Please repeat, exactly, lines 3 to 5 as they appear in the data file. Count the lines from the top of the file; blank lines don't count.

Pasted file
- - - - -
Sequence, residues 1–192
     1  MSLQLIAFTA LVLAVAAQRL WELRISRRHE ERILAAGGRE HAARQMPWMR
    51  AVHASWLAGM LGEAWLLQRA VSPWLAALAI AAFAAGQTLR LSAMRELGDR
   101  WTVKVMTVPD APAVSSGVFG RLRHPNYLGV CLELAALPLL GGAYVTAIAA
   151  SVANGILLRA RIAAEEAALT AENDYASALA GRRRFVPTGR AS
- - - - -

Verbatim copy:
    51  AVHASWLAGM LGEAWLLQRA VSPWLAALAI AAFAAGQTLR LSAMRELGDR
   101  WTVKVMTVPD APAVSSGVFG RLRHPNYLGV CLELAALPLL GGAYVTAIAA
   151  SVANGILLRA RIAAEEAALT AENDYASALA GRRRFVPTGR AS